Philip Glass: Symphony No. 7 "Toltec"
Bruckner Orchester Linz & Dennis Russell Davies
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||CleanSymphony No. 7 "Toltec": I. "The Corn"||Bruckner Orchester Linz & Dennis Russell Davies||11:23||Album Only||View In iTunes|
||CleanSymphony No. 7 "Toltec": II. "The Hikuri" (Sacred Root)||Bruckner Orchester Linz & Dennis Russell Davies||10:28||Album Only||View In iTunes|
||CleanSymphony No. 7 "Toltec": III. "The Blue Deer"||Bruckner Orchester Linz & Dennis Russell Davies||12:55||Album Only||View In iTunes|
|BookletDigital Booklet - Glass: Symphony No.7 "Toltec"||Bruckner Orchester Linz & Dennis Russell Davies||--||Album Only||View In iTunes|
It might be a surprise that the music of Philip Glass has generally spread farther beyond the U.S. than those of the other first-wave minimalists: Steve Reich in particular seemed more congenial to those of an avant-garde frame of mind. But the sheer innovative spirit of Glass' music, its tendency to define its own sound worlds, seems to have carried it confidently into its second half-century, and Glass champion Dennis Russell Davies, now conductor of the Basel Symphony Orchestra, has had little trouble turning it into an ensemble versed in Glass' ways. The Symphony No. 1 ("Low") is so called because it is based on David Bowie's album of the same name; the British composer and producer Brian Eno had a hand in the album and is also credited in the subtitle of Glass' work. (The second movement, "Some Are," is not a track from the original Bowie album but was recorded at the same time and eventually issued as a bonus track; Bowie later incorporated this movement in turn on the album All Saints.) This was Glass' first symphony, and it's almost as if using popular tunes, albeit rather minimalist ones, allowed him to make the leap to full-scale orchestral dimensions; it stretched his musical language slightly. In so doing, the work built bridges between the popular and concert spheres that by now are commonplace, but were not so in 1992, when the piece was composed. This is only the second recording of the Symphony No. 1. The first was also conducted by Dennis Russell Davies, with the Brooklyn Philharmonic Orchestra, but this version, under the supervision of Glass' own Orange Mountain Music label, is closer to the state of the art. Recommended for Glass fans.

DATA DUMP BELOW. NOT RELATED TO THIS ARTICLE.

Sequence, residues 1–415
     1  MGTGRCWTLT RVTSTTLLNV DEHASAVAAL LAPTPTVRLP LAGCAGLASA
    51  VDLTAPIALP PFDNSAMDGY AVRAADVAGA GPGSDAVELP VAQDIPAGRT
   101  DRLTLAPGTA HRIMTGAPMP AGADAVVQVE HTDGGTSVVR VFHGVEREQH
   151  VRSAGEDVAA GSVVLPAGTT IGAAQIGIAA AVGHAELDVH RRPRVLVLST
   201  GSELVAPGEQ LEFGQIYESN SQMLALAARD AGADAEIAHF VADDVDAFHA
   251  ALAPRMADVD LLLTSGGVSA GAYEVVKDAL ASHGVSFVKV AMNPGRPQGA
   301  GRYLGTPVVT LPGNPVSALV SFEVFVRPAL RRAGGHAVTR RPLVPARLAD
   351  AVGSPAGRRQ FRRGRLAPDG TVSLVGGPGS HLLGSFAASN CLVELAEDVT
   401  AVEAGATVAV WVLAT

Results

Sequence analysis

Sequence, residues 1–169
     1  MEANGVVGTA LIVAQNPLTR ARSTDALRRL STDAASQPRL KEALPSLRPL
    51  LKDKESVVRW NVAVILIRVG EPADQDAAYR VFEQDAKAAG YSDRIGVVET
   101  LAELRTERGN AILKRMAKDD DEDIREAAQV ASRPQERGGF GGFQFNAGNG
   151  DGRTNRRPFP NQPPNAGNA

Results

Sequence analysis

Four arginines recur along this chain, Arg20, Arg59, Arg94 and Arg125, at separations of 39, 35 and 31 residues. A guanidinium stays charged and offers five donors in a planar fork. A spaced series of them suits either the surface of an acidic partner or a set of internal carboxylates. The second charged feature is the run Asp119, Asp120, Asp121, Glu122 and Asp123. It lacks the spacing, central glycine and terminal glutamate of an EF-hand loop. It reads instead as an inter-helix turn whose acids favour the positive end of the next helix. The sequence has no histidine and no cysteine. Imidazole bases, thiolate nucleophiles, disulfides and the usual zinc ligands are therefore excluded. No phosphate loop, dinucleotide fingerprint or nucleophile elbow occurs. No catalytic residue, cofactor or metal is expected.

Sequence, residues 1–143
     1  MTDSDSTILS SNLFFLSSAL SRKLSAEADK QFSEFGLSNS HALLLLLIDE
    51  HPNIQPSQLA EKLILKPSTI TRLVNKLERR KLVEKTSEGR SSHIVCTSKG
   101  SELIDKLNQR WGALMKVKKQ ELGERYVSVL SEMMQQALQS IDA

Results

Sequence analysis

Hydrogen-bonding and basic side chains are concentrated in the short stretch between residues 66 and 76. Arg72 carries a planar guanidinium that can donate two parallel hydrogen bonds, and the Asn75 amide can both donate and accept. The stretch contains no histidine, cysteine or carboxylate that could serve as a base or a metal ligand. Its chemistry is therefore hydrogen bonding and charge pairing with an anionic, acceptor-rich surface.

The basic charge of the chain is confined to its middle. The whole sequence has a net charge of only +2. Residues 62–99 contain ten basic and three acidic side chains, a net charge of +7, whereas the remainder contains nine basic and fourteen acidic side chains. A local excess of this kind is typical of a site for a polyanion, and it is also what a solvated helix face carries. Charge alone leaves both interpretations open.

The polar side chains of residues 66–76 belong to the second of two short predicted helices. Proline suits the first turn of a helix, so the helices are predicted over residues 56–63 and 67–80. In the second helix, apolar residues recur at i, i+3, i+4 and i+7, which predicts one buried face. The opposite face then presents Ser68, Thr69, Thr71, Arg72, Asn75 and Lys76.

I have been waiting for this recording... worth the wait.
In my studies of the music of Philip Glass, I wondered why there was no recording of this symphony. In learning more about this symphony (composed in 2004-2005), I discovered that this symphony was revised (heavy revision to the final movement) by the composer (2008-2009) and newly premiered by the Bruckner Orchester Linz under Dennis Russell Davis. The rhythms are typical Glass (which is not a bad thing) leaving his signature on the peace. The “Toltec” themes are dreamy and very spiritual. You do get a muted and subdued feeling, each movement moves deeper inward into the soul of the peoples of Mesoamerica. All together is is a nice bridge between the Sixth and Eight symphonies. Nice to have it completed and presented here now for all to listen and enjoy.
a slightly different turn of events
I'm a little stunned that this wasn't recoded by Lenoard Slatkin for whom the work was dedicated. It's his birthday gift that delves into the world of mesoamerica, a society who predates some western culture. The three movements are meant to represent the Wirrarika sacred trinity with corn being mother earth , Hikuri being a door to the spiritual world (pyote?) the blue deer as the holder of knowledge. What the blue deer is could be anyone's guess but for Glass it is Slatkin who is a man of musical knowledge. Being part NDN I was a little put off by the cheeky alusions to native musics which border on stereotypes of 1950 westerns. Still it's an attempt to broaden one's horizen even if it is a little stilted. The symphony itself almost doesn't sounld like typical Glass until the last movement. This appears to be a shift in Glass's apprach to minimalism and could signal a shift style in the next coming years. All in all it was a decent effort. -Bz
I found this album to be marginal. Glass' works are sometimes derided for their "simplicity" when in fact they are rather complex works. This just seems to be noise to me. I find him at his best in works like his Violin Concerto and some of his film scores. If you're new to Philip Glass, I recommend avoiding this one and checking out some of his other scores.